The CEA playoffs are in a knockout format spanning April through May, with a match default time of Saturdays at 1:00 p.m. ET. A major draw of the league is being able to reschedule the match for any point during the week: We tend to prefer weekday evening matches and were pleased to find many of the teams amenable to rescheduling. Each week, a featured match or two is broadcast live on the CEA Twitch channel, with coverage by streamers such as WCM Liza McDonald, IM Alex Banzea, and a secondary broadcast by “Coach Ryan” Ackerman.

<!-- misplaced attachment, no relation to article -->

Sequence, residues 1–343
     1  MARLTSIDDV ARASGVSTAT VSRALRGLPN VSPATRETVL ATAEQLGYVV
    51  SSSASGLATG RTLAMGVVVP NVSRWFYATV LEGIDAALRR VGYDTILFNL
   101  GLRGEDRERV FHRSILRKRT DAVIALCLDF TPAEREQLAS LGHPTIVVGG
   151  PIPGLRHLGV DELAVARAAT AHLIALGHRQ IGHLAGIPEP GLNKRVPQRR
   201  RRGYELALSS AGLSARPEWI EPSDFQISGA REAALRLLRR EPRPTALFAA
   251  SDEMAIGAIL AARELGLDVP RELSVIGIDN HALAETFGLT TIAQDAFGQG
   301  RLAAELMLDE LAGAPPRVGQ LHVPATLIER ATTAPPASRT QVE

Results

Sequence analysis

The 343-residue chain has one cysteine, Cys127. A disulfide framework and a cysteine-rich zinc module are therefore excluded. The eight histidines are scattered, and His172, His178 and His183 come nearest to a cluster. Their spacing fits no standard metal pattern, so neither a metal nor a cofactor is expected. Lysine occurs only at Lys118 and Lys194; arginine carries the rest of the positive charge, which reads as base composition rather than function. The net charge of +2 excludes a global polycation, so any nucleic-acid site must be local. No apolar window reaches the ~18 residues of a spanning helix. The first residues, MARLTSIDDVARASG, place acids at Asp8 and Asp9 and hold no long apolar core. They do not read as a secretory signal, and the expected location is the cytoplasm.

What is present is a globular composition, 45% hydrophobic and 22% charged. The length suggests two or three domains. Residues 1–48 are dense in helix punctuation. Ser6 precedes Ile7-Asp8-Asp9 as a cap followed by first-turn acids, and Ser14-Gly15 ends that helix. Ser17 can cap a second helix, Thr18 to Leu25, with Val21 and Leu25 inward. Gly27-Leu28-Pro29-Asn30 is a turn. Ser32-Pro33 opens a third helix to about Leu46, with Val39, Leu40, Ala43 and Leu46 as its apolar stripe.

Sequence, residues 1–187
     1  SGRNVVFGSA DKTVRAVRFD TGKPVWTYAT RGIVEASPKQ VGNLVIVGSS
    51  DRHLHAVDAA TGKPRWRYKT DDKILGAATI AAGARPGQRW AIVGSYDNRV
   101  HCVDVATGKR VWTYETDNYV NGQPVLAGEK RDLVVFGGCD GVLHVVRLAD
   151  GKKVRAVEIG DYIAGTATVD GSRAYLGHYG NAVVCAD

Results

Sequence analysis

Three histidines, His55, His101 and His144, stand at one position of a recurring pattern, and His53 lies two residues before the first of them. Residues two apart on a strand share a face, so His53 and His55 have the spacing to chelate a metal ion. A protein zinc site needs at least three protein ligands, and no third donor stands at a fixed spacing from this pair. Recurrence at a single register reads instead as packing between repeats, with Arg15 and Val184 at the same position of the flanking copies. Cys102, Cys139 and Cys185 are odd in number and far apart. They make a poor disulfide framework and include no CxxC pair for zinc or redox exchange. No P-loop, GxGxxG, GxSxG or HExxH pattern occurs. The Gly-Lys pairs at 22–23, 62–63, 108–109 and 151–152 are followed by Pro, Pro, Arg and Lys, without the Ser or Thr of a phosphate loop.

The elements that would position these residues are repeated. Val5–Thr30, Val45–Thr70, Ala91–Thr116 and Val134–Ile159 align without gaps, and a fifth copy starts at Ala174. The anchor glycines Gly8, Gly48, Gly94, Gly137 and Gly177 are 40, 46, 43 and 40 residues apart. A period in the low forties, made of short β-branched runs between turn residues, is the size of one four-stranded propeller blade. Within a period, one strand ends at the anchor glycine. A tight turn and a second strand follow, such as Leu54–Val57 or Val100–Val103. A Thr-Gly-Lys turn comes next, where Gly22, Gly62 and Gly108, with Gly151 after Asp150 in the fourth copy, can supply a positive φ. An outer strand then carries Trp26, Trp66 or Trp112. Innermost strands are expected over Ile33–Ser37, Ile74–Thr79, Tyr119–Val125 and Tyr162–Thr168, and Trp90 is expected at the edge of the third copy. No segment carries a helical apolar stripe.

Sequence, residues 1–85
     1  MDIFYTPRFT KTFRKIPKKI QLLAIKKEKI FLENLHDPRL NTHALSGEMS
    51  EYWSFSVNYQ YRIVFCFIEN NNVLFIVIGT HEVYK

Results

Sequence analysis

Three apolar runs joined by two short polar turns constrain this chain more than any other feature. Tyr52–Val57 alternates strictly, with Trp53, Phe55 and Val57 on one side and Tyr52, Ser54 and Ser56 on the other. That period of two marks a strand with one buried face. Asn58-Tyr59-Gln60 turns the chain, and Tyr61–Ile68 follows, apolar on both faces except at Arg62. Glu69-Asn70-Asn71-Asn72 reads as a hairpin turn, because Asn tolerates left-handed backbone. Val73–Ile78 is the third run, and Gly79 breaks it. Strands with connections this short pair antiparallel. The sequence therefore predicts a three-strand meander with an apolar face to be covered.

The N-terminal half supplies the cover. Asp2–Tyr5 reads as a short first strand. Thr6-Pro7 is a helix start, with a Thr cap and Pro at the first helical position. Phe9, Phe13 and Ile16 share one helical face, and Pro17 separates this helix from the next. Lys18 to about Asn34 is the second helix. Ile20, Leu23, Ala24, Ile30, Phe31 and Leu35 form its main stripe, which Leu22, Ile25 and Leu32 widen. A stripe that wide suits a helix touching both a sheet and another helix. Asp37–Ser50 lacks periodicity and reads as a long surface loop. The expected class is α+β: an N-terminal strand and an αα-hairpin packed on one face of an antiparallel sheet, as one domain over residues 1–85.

[pgn][Event "CEA Global Chess league - Playoffs rd 1"] [Site "Chess.com"] [Date "2021.04.17"] [Round "?"] [White "(rockistired) Rock, David"] [Black "caelym123"] [Result "1-0"] [ECO "B01"] [Annotator "FM Alisa Melekhina"] [PlyCount "37"] [EventDate "2021.??.??"] [WhiteTeam "Debevoise"] [BlackTeam "Pocket Gems"] [TimeControl "420+2"] 1. e4 d5 2. exd5 Qxd5 3. Nc3 Qa5 4. d4 Nf6 5. Bd2 c6 6. Nf3 Bf5 7. Be2 { Up to this move, the Scandinavian has proceeded in a typical manner. The Bishop is usally placed on c4, however. From there it controls d5 and sets up batteries over the f7 and e6 weaknesses. It would also support a viable Nd5 discovery on the queen. However, it is not unheard of to place the Bishop on e2 in more conservative lines. Black lacks any direct targets.} e6 8. a3 { An interesting prophylactic idea to stop black from playing Bb4 and intervening with the Bd2-Nc3 battery. However, it is not strictly necessary. a3 is always possible to play afterwards; black is loathe to exchange the Bishop for the knight on c3, which has moved only once, and would allow white's dark-squared bishop to step into the game with a tempo.} Nbd7 9. O-O c5 $2 {Right idea, but played at the wrong time. In general, black should be aiming for e5 or c5 breaks against this structure in the Scandinavian. However, these are more likely to be successful when black's pieces are developed and are ready to support any counter-strikes. In playing this break so soon while black's king is still stuck in the center, the plan horribly backfires.} ({ White correctly continues with completing his development. Black needs to follow suit, by first re-routing his Queen to a safer diagonal. For example:} 9... Qc7) 10. Nb5 {Although this does not yet lead to a forced win, white has a pressing advantage. Nb5 seizes the opportunity to finally discover the queen and place black in an uncomfortable situation where he has to find precise moves just to stay alive.} Qd8 $2 (10... Qb6 {would put up slightly more resistance, although still leading to a bleak outcome.} 11. dxc5 Bxc5 12. b4 Be7 13. Be3 Qd8 14. Bxa7 O-O 15. Bd4 $16) 11. Bf4 $1 {Piling up on the exposed dark-squared weaknesses in black's camp.} Rc8 (11... Nd5 {was a better defense of c7.} 12. Bg3 a6 13. c4 axb5 14. cxd5 c4 $16 {Black has to find tough intermediate moves such as this to avoid the center falling apart. He is still worse at the end of this either way.} (14... exd5 15. dxc5 Bxc5 16. b4 Be7 17. Qxd5 Be6 18. Qxb7 $18)) 12. Nxa7 Ra8 13. Nb5 Nd5 {We're back to the same option as in move ...11, except black is down the a7 pawn and has even more dark-squared weaknesses as a result.} 14. Bg3 cxd4 $2 {This only allows White's second knight to come crashing into the center, with a tempo attacking the f5 Bishop to boot.} 15. Nfxd4 Bc5 16. Nxf5 exf5 17. Nd6+ (17. Qxd5 { Is just a clean win of a piece and objectively the strongest continuation. White's position is so strong, however, he decided to go for mate with little downside. It's always nice when there are multiple winning options to choose from!}) 17... Bxd6 18. Bxd6 N7f6 {The final and decisive error, which makes this game a miniature.} (18... Ne7 {The last way to hold on for just a bit longer, but there is no way to avoid at least a piece loss.} 19. Bb5 O-O (19... Ra5 20. Bxe7 Qxe7 21. Re1 $18) 20. Bxe7 Qxe7 21. Qxd7 $18) 19. Bb5+ $1 { Black resigned as White's two bishops dominate. Black cannot avoid losing at least the Queen.} (19. Bb5+ Nd7 20. Re1+ Ne7 21. Rxe7+ Qxe7 22. Bxe7 Kxe7 23. Qxd7+ {[%eval 32756,0]}) 1-0 [/pgn]